The Department of Integrative Biology and Physiology at the University of Minnesota Medical School has been awarded a $150,000 grant from the American Heart Association (AHA). The project titled, “University of Minnesota inclusive excellence cardiovascular research opportunity program for undergraduates,” is a concept that the department has been eager to execute. 

“The whole premise behind inclusive excellence is centered around the word ‘excellence,’” shared Joseph Metzger, PhD, head of the department and Maurice Visscher Land-Grant Chair of Physiology. “The idea is not to dilute the word excellence but rather to broaden the scope of opportunity, searching far and wide in a proactive and purposeful way in promoting access to opportunity.”

The objective of this grant extends much further than its goals in cardiovascular research. Emilyn Alejandro, PhD, leader of the research team and assistant professor in the department, shared that this grant is integral to the department’s higher calling for the advancement of diversity, equity and scholarship.

“This grant will open up more opportunities for qualified and dedicated students from disadvantaged backgrounds to work in laboratories, and hopefully, they can catch the ‘research bug’ and consider a fascinating career in science just like I did when I was an undergraduate student,” Dr. Alejandro said. 

Vincent Barnett, PhD, a professor in the department and a leader of the grant, shared that this grant corresponds with their long-term goal of increasing the diversity of the biomedical research community. “We plan to accomplish this by reaching out to undergraduates who may not have seen a reflection of themselves in the sciences,” he said.

The department has the highest amount of racial diversity than any other U of M department in a STEM field. Dr. Metzger believes that this is a reflection of the intentionality that every faculty and staff member in the department shares towards purposeful inclusive excellence. He shared that this grant will also be used to initiate lasting relationships and mentoring opportunities within the department.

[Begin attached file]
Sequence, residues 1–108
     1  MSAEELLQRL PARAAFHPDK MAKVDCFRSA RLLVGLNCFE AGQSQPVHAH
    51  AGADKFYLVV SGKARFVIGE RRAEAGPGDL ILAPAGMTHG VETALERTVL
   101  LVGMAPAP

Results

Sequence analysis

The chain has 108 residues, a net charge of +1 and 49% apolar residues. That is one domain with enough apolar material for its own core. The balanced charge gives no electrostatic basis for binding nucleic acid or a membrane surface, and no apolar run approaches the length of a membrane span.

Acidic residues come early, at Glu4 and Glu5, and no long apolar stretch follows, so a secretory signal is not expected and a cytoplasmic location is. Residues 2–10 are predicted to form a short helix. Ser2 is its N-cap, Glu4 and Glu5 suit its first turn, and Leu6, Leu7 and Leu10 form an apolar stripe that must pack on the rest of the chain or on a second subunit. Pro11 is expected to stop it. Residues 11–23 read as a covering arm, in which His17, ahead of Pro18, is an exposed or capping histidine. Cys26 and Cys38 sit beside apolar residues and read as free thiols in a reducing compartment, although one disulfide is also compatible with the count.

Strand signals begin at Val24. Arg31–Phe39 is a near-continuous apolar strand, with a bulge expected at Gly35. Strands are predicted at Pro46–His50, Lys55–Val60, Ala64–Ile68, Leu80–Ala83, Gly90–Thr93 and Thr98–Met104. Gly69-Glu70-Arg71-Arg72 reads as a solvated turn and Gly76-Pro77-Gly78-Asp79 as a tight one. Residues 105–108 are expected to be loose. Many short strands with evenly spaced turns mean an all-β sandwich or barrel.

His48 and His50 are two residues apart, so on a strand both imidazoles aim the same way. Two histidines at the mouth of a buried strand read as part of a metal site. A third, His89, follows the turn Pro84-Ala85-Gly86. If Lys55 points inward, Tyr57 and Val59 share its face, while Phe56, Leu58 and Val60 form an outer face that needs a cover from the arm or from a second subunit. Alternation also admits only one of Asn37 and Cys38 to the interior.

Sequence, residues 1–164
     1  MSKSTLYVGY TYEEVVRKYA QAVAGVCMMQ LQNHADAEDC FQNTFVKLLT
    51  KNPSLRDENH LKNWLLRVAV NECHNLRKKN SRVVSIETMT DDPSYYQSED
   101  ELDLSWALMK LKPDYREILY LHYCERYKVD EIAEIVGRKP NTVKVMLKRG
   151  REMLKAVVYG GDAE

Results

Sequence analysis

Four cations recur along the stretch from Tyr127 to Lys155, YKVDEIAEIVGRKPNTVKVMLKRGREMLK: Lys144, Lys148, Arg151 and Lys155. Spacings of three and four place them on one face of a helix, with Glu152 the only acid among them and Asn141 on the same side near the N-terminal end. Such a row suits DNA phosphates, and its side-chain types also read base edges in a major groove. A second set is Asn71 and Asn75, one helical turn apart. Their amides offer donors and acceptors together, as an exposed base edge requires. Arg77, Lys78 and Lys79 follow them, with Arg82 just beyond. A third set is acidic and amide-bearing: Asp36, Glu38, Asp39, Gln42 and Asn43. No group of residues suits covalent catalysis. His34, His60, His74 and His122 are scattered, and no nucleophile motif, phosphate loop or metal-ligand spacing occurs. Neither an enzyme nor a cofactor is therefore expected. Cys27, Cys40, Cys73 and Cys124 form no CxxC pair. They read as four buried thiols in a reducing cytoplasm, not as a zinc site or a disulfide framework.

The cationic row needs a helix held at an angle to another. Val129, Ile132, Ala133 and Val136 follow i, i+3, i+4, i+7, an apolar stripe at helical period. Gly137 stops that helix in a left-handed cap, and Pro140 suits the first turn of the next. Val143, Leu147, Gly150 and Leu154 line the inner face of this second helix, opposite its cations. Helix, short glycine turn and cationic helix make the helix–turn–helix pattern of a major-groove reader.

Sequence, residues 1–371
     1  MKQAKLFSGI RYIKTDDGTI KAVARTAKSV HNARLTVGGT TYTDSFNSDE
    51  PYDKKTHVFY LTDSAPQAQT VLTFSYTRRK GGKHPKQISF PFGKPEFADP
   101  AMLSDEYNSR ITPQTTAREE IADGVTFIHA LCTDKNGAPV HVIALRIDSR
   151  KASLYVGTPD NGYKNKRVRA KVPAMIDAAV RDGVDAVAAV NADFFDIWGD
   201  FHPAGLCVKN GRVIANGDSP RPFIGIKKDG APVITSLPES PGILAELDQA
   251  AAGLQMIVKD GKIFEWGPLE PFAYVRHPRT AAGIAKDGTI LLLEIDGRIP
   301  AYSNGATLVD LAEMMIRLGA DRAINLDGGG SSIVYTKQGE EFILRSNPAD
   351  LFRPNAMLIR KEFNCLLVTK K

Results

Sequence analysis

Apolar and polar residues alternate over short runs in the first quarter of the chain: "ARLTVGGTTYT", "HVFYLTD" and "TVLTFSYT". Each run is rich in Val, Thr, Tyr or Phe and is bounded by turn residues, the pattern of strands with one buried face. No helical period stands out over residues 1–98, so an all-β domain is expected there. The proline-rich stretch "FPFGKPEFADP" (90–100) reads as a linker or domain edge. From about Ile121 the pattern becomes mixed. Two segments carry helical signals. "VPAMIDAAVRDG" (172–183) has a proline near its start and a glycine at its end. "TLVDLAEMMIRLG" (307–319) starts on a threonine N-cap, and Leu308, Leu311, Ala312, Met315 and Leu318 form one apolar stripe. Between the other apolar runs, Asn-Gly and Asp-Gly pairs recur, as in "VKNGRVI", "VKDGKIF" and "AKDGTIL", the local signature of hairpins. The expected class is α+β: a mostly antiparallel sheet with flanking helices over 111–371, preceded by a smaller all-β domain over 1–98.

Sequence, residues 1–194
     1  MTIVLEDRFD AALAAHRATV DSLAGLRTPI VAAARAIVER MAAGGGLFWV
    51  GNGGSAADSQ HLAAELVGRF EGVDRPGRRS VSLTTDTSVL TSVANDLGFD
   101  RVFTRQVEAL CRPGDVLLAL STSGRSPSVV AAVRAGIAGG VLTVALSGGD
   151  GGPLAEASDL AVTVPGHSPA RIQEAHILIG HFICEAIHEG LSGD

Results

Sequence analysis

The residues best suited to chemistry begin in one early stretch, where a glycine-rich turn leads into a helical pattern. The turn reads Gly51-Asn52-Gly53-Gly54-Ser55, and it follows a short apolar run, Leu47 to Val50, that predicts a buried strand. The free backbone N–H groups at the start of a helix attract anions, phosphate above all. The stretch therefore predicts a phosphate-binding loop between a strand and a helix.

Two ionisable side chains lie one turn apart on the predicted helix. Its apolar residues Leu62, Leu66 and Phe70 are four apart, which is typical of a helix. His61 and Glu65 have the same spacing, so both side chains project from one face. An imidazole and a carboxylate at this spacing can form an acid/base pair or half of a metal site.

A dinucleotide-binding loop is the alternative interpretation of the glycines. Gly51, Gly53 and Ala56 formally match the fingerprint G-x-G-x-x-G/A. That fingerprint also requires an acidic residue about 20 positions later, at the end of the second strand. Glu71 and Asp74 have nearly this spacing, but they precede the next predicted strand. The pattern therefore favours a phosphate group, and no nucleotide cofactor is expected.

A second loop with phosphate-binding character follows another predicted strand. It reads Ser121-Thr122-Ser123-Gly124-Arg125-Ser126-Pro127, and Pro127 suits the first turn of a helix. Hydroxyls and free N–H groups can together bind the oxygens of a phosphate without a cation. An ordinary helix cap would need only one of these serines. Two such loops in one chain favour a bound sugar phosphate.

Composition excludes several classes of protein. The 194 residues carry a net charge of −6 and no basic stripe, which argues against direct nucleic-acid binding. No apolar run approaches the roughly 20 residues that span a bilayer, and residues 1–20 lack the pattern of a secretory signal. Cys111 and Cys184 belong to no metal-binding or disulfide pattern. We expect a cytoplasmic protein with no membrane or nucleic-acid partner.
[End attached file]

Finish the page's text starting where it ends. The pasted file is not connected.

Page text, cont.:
“It’s like watering a plant – it starts as a small little seedling, and you can’t just ignore it. You’ve got to go in and give it a little water, put it in the right environment and, all of the sudden, watch that plant grow and blossom,” Dr. Metzger said. “Not all plants will grow and blossom but some sure will. We hope that those new minds blossom and grow a passion for medicine and science.”

Being purposeful and intentional about nurturing the development of students is directly in line with the vision of the AHA. They provide grants focused on health equity, while finding solutions to end the number one cause of death in the United States – heart disease. 

“Our lab is focused on molecular and integrative biology and the physiology of heart, muscle, health and disease – all of which are significant problems in our society,” Dr. Metzger said. “I’m interested in people that want to join our group with the goal of contributing to our society. It’s a vocation, not a job, and it’s a noble pursuit because everything we do is for everybody, not just a select few.”

“Our AHA grant focuses on experiences for juniors and seniors and fits hand-in-glove with our department initiative,” Dr. Barnett said. “The AHA grant encourages us to recruit students locally and nationally, and we plan to extend those offers to qualified applicants.”

Dr. Alejandro shared that although they aspire to be a nationwide-leading physiology program in research and education, it’s just as important that they work to provide equal opportunities in training the next generation of scientists and healthcare professionals. 

“How do we know who the best quarterback is until we look under every rock, and in every neighborhood, and give everyone the opportunity to even know what the game is,” Dr. Metzger said. “We really want to shake the trees.”